If you’re looking for an affordable home gym system that can offer a ton of exercises to choose from, Teeter’s FitForm could just be what you’re looking for.
With a compact frame and versatile dual pulley system, the FitForm gives users the ability to choose from a ton of strengthening exercises while taking up little floor space.
And unlike most resistance band systems, you get 9 feet worth of cable to work with, so you shouldn’t have to worry about limiting your range or motion, regardless of how tall you are.
Another perk is the 24 levels of resistance it comes with, offering the ability to make small, incremental changes in resistance over time.
Long-story-short: I think the FitForm has a lot to offer, but it certainly has some flaws and it isn’t right for everyone.
If you’re interested in the longer story, you’ll just have to keep reading.
In this review, I’ll go over everything this home gym has to offer. After reading, you’ll be well equipped to decide for yourself whether or not this is the right option for your home gym.
Teeter’s FitForm Home Gym
If you’ve never heard of Teeter before, you’re not alone- this brand certainly doesn’t have the type of mainstream name recognition as a NordicTrack or Bowflex.
But that doesn’t mean they aren’t worth familiarizing yourself with.
Teeter offers a limited lineup of recovery, strength training, and cardio machines to choose from.
The family owned business actually started out by providing quality inversion tables to help folks suffering from back pain (like the pain the founder suffered from himself).
But even though their lineup is small, they’ve earned a stellar reputation for the quality of their products.
The brand is especially well-known for their affordable recumbent trainer, the FreeStep LT1, which I consider to be the best in its price range.
The FitForm is really the only home gym machine they offer (at the time of writing this anyway) and like everything else they offer, it takes it very easy on the wallet.
The FitForm is designed to work as a full body strength training machine. It essentially consists of 2 low pulleys, a frame, and a base.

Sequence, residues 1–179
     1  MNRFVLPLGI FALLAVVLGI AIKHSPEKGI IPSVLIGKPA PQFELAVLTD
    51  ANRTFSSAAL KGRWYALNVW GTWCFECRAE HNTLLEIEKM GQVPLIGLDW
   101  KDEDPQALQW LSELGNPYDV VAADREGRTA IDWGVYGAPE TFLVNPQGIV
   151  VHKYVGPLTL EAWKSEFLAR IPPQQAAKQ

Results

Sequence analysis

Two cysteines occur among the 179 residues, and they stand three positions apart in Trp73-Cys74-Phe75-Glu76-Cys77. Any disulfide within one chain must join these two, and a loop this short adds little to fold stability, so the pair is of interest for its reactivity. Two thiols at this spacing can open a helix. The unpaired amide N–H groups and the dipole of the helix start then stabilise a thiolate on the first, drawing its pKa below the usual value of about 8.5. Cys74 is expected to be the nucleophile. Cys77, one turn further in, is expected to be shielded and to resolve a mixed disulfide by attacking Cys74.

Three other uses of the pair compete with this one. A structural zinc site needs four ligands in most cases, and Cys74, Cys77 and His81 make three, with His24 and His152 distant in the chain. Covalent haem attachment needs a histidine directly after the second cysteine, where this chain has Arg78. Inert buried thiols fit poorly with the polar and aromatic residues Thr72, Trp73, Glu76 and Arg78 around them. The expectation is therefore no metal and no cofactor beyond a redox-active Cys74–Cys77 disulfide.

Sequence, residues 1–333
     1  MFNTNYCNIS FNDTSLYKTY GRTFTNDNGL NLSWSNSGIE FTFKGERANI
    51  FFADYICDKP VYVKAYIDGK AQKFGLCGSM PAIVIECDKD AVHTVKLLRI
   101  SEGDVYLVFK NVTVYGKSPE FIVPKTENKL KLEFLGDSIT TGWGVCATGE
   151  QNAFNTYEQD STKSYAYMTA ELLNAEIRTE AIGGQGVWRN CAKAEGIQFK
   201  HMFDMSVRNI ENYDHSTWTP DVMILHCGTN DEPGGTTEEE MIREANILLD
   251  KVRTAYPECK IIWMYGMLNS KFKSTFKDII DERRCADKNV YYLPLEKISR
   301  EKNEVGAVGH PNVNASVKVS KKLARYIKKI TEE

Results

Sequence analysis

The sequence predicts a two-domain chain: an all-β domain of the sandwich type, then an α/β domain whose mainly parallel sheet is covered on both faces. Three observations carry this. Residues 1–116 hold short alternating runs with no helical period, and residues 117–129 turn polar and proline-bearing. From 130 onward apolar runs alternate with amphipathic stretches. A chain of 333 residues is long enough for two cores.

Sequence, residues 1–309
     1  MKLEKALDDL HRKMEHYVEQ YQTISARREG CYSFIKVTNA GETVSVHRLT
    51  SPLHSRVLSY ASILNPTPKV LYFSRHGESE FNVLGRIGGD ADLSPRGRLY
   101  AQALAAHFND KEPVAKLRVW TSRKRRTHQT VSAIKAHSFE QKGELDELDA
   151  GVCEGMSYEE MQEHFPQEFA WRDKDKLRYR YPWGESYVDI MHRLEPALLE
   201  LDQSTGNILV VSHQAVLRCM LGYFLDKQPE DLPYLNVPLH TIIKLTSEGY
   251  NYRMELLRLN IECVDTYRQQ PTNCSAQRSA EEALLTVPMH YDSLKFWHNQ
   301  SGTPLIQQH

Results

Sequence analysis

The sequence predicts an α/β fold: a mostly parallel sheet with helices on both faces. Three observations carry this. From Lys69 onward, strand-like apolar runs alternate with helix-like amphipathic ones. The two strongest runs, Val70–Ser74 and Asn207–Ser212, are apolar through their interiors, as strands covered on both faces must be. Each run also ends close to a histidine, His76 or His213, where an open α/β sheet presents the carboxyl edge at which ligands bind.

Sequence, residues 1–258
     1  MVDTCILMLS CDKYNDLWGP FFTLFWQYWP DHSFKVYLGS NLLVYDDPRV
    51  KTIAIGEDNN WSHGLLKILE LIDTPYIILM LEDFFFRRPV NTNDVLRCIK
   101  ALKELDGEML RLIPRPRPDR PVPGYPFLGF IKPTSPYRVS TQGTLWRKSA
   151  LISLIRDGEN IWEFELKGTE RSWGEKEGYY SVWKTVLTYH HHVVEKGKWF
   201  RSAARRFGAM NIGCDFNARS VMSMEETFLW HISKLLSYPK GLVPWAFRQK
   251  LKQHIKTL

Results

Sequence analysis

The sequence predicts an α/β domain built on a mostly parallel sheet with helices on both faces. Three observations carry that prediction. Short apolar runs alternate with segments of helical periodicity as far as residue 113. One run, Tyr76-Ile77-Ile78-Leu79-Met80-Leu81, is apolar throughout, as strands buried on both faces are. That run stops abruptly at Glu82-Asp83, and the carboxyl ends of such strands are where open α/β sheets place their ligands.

You basically use it as you would a functional trainer, minus the ability to adjust the position of the pulleys.
- Offer a ton of exercises to choose from
- Full body workout
- Low impact
- Dual pulleys
- 24 levels of resistance
- 2 handles and 2 wrist cuffs included
- Compact frame
- Folds for storage
- Handlebars for added safety
- 300 lb weight capacity
- Good price
- Max resistance only 65 lb
- Resistance shared between pulleys
- Short warranty
Let’s start this review off by going over what I consider to be the most important aspect- the resistance.
After all, this is a home gym designed to help build strength and condition, so it seems pretty reasonable to consider the resistance it can offer to be a fairly important aspect.
The FitForm comes with an adjustable resistance system that is controlled by turning a dial located in the center of the main base.
According to Teeter, you can make micro adjustments in 1 lb increments up to a max load of 65 lb.
This is pretty nice, because it gives you the ability to make fine adjustments to the resistance, but it’s also a little misleading.
If you read the fine print, you’ll find that the FitForm comes with 24 resistance levels and the increases in resistance aren’t linear.
This means the change in resistance isn’t the same for each level and the higher your level gets, the more change in resistance you’ll find with each adjustment.
As I write this, I feel that’s a little hard to understand, so let’s give an example:
Changing from resistance level 2 to 3 is going to add less resistance than changing from resistance level 20 to 21 (and so forth).